If you follow as many tech blogs as I do in your RSS reader (currently about 160 tech blogs in my Tech folder), a good number will probably be tech news blogs. When a big tech story breaks, the news can get blogged to death as each site puts up their own post rather than linking to or just tweeting someone else’s story. Understandable really, they all want to meet their daily quota of posts to maintain page visits and pagerank, and don’t want to miss out on big tech news stories.
Tech and Life isn’t a tech news blog. We concentrate more on blogging about useful web apps and services, and tips and tricks for Windows, Linux and WordPress. If I do come across some interesting tech news, I’ll generally tweet a good link, rather than adding yet another post to the blogosphere. Follow us on Twitter at @techandlife. I try and tweet the best 5 or 6 tech links I see each day.
I’ve noticed that Microsoft stories are particularly prone to reblogging. I’m thinking of Windows 7 ‘God Mode’ a few months back – everyone seemed to carry that story. More recently, it’s been Microsoft Fix It Center and just a couple of days ago, the Microsoft/FaceBook Docs.com story. Here’s the 16 posts on Microsoft Fix It Center gathered together in my Google Reader feed
This reblogging can really clog up your feed reader so here’s what you could do. Read the story on one of the bigger blogs like Download Squad, ghacks or Lifehacker, bookmark it if you like, then set up a filter in Google Reader to suppress that story from your feed in future. I’ve blogged about the awesome Google Reader Filter before and using it to filter out stories you just don’t want to appear in your RSS feed. After about a week, the surge over that particular item of tech news will have subsided and you can remove the keyword from your filter.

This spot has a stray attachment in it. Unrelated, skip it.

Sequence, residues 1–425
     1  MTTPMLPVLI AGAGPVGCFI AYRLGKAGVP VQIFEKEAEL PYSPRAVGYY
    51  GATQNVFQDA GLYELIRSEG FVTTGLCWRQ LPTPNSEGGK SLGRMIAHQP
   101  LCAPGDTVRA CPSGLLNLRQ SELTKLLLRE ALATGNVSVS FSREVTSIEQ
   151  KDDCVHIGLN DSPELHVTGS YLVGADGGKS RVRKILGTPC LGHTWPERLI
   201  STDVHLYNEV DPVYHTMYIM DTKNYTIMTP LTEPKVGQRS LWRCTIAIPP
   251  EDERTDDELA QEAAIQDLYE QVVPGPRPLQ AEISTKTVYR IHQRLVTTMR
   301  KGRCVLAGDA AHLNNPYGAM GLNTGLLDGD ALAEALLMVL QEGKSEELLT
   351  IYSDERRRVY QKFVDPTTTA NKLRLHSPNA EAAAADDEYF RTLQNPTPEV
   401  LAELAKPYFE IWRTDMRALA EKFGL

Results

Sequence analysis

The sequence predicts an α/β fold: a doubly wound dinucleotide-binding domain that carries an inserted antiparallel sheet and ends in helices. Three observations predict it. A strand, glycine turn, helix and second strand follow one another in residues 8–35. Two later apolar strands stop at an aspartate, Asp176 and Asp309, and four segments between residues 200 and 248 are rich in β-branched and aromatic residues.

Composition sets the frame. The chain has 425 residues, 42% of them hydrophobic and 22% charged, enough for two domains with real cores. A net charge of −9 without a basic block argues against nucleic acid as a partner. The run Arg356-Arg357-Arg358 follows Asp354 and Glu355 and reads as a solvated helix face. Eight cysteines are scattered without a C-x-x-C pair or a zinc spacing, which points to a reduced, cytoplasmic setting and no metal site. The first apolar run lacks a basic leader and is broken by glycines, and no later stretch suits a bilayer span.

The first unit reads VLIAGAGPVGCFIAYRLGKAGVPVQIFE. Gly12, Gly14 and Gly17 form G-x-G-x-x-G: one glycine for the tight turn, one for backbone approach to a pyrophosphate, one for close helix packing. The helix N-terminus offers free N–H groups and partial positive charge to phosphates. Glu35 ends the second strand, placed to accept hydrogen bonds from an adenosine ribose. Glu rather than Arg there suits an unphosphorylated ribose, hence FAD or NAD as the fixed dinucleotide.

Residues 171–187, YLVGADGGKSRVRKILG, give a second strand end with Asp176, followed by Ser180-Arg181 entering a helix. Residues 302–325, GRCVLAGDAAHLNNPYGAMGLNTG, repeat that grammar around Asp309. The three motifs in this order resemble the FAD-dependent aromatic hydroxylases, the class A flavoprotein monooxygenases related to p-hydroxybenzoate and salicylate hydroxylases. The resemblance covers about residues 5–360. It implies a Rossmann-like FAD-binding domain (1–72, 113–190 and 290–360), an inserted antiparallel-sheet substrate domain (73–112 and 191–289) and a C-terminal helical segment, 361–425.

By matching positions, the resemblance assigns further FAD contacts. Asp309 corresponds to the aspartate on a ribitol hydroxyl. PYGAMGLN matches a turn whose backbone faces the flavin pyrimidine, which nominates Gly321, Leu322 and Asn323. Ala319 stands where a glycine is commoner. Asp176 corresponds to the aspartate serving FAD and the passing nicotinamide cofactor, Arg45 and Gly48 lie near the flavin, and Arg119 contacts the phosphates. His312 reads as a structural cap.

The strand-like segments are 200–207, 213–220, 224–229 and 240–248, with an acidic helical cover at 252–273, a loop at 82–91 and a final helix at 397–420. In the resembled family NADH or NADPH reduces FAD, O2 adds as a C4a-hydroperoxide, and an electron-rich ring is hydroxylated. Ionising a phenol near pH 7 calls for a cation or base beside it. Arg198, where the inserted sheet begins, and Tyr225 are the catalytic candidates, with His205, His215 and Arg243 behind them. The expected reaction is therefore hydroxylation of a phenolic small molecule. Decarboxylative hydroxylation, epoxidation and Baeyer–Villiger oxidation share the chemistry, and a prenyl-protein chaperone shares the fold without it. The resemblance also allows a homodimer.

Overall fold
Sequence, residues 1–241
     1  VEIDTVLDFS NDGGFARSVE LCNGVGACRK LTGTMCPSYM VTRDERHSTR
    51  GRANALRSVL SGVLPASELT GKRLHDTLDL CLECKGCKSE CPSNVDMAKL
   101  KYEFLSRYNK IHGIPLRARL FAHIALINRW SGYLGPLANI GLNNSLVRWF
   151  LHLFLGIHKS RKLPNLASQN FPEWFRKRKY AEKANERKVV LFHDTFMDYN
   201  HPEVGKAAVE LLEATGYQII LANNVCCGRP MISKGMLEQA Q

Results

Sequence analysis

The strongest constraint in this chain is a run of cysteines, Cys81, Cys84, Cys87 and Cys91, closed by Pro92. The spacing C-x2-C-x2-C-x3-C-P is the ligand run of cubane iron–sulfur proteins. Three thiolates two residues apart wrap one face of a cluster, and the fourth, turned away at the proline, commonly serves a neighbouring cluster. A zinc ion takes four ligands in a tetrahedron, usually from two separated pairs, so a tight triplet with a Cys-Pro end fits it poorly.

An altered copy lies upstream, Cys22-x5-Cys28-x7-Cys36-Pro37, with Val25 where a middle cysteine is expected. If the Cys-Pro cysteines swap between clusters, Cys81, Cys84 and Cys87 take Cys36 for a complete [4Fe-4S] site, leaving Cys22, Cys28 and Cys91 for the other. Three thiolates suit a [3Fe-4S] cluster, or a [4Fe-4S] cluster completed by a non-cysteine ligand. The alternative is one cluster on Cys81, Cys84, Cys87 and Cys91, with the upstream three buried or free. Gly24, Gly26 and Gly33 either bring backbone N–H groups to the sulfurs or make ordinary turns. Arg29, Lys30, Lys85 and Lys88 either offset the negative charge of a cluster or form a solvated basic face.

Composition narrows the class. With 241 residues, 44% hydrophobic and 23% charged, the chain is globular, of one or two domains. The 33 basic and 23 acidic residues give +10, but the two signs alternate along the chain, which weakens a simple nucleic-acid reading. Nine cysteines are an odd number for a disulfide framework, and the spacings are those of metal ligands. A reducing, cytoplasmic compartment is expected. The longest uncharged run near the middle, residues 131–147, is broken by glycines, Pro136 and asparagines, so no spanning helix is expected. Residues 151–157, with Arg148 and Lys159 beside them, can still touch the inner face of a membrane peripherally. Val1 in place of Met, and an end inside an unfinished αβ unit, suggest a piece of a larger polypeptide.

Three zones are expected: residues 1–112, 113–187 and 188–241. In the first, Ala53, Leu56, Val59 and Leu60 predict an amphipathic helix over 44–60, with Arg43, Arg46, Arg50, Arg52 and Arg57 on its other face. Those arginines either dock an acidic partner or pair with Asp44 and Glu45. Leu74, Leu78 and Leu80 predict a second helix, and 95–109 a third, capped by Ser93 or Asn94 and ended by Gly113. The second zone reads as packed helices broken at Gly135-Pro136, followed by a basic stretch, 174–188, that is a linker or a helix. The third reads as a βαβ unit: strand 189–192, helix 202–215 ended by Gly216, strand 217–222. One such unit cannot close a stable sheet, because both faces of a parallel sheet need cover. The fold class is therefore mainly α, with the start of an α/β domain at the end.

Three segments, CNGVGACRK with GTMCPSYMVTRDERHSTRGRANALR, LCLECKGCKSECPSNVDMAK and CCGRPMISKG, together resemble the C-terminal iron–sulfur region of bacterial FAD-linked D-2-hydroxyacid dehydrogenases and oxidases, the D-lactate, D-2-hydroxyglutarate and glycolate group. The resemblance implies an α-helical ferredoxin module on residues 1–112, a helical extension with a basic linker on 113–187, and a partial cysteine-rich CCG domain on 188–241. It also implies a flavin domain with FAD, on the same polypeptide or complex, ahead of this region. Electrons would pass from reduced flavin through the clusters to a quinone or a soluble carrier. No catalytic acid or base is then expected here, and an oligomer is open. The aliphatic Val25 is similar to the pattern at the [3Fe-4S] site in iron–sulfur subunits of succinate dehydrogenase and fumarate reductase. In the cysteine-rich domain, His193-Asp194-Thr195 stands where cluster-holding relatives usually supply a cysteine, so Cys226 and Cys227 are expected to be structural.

Incidentally, if you’re interested in following some good tech blogs in your RSS reader, there’s a few good ones there to get you started.
Quick tip: Filter out tech news stories being reblogged to death is a post from Tech and Life. If you’re reading it in full elsewhere, it’s been copied without consent. Please go to Tech and Life to read the original post and many others in the archive.